Sunday, June 5, 2011

Killing Football To Save It

With the recent talks between the owners and players in the NFL contract kerfluffle, and the desperate-looking messages that I'm starting to get from league providers and draft companies that tell me I need to start preparing for the season that might not happen, a small moment...

Imagine, if you will, how this might look if we were drawing things up from scratch.

We currently have thousands of high school football teams that feed hundreds of college clubs, slucing down to dozens of professional teams in relatively concentrated cities across the United States. If you are fortunate enough to live in an area blessed with an NFL team, you have a clear interest and laundry to go for, but that relationship is tenuous. The team can subject you to decades of ill management and abuse (hello, Redskins) from people who decent people would not urinate on if they were on fire (OK, I'm still on the Redskins). If the team decides that their stately pleasure palace is not up to snuff, they can negotiate with the local governance and leave you twisting in the wind as they court new areas with more pliable public dollars. And all of that is, of course, your *best* possible rooting interest, assuming that you have a desire to take the purest stuff into your veins and not pollute it with the more amateur variants.

One of the guys in my weekly poker game has been after me to go see the local arena team in Trenton. They are staffed by the usual pro football flotsam and jetsam and sons of people who have names, and they made the playoffs. They've also drawing, it seems, and proving once again that there is a market for the game that knows no bounds. We are, as a whole, starting to get to the point where the market for football is resembling the market for boxing -- a fan base that is underserved by the rapacious actions of management, made to pay and pay and pay for the best stuff in a supply that's much less than the demand.

Now, let's look with clear eyes at the college game.

There is no -- as in none, zilch, zero, nada, squadouche, bupkas, zip -- relationship between the act of playing football and the act of earning a college degree. The skills do not overlap, the experiences do not collate. One is an all-encompassing sport that demands total attention to preparation and the physical willingness to endure pain to compete; the other is a broad adult life preparation exercise in which you prove your intellectual merit and work ethic. You can play football even if you are borderline illiterate; you can graduate college with crippling physical ailments. There is no reason to link the two, beyond whitewashing away the considerable injury risk in playing football, especially when it takes up so much of the American underclass.

It also means that a poor percentage of people who qualify as pro football players will wind up with that profession. From sea to shining sea, we have people willing to pay money and attention to football; we also have teams willing to take their money. We just don't have an actual meritocracy in determining which teams or cities matter. Instead, we have a fixed monopoly that benefits the top league, a league that abuses the public trust while enriching the very small number of ownership groups to an unconscionable level.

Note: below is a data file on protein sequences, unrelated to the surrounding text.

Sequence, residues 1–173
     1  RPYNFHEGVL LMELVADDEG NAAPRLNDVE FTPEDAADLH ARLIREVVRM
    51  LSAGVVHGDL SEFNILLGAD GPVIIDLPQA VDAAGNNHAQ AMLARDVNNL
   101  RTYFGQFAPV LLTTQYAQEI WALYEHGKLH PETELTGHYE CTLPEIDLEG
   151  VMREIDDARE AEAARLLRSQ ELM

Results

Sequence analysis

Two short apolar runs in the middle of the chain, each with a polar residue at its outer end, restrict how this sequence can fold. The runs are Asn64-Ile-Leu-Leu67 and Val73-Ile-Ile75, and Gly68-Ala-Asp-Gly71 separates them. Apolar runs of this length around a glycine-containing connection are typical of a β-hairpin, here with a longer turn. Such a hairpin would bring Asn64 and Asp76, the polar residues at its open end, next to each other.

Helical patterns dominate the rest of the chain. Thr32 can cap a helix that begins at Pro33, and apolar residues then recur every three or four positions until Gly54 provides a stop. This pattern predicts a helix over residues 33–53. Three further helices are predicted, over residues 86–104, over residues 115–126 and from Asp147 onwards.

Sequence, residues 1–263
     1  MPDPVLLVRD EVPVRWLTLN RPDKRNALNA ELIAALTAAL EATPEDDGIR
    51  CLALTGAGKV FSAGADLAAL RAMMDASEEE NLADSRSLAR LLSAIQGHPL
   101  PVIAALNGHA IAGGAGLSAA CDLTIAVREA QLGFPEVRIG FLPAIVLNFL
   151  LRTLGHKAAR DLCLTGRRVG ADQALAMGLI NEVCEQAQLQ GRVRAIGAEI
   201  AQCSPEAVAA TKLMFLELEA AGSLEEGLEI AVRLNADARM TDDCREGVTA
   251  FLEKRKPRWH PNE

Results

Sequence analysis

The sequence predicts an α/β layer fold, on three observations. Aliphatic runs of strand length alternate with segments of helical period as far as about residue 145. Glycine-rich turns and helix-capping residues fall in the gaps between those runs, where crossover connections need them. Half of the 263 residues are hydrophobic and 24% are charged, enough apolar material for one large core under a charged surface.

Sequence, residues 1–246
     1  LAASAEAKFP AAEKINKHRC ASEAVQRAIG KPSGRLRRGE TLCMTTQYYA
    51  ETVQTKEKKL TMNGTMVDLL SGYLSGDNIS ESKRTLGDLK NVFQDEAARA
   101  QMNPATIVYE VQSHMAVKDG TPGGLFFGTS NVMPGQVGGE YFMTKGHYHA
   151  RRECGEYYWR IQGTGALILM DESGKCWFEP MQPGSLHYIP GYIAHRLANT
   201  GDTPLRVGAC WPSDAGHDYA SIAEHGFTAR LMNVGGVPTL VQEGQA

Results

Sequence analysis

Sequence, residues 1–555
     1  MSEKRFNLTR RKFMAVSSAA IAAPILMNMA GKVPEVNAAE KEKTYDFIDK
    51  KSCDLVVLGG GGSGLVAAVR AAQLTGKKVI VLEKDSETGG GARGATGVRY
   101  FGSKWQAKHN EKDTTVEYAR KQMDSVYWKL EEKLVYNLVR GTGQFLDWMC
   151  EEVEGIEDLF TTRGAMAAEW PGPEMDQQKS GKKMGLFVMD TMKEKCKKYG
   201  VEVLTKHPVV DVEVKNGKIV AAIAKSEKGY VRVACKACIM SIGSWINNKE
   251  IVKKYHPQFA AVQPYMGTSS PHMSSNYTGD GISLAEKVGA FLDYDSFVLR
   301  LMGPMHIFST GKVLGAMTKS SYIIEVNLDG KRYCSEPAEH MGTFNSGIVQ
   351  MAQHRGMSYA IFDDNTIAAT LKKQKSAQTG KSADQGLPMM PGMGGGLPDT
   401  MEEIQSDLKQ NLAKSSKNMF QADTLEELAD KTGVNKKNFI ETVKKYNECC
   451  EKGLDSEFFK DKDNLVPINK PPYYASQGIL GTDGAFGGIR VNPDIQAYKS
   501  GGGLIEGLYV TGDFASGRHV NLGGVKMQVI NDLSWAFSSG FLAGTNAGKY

If you wanted to make the life of football fans in this country better in a heartbeat, you'd do this: Make it illegal for colleges to have football programs, and declare the NFL to be an unlawful monopoly, and break up the league.

There would, of course, be something close to blood in the streets over this. Fans would react with absolute murder in their eyes at the disruption of their rivalries. I'm sure we'd have something approaching suicides among some of the more unhinged fans. This blog might cease to exist, along with fantasy football as an industry, broadcast networks as a group, networks dependent on the big NFL number, etc., etc., etc.

And here's what might arise from the ashes: a nationwide confederacy of club level teams, playing in off-time high school and the abandoned college and pro arenas. Close cities forming leagues that were regional enough to make for easy trips and rivalries. The biggest cities and money centers signing up the most famous players, but no slave minor league system being in place, since that would run afoul of the anti-monopoly laws. Teams moving up or moving down as they dominated or failed. Fans in areas with the best management watching as their hometown heroes not only won games, but increased the stature of their towns.

Tens of thousands of people getting paid to play pro ball. Every city with the opportunity to become its own Green Bay, every area with the ability to tell a scumbag owner to go do something anatomically impossible if he threatens to not play without a public handout, and more league opportunities, in the long run, for a fantasy player to even contemplate.

In other words, a dramatically better market, much higher uptime of game, 24/7/365 output on your television set of games that matter, and the ending of the sad lie that is poisoning the American educational system. More jobs in more places. Jerry Jones and Daniel Snyder homeless. (OK, probably not.)

But a man can dream of something good -- really good -- coming out of the end of the status quo, can't he?

1 comment:

Fantasy Football said...

The description is so clear that i was lost in your words.

Ads In This Size Rule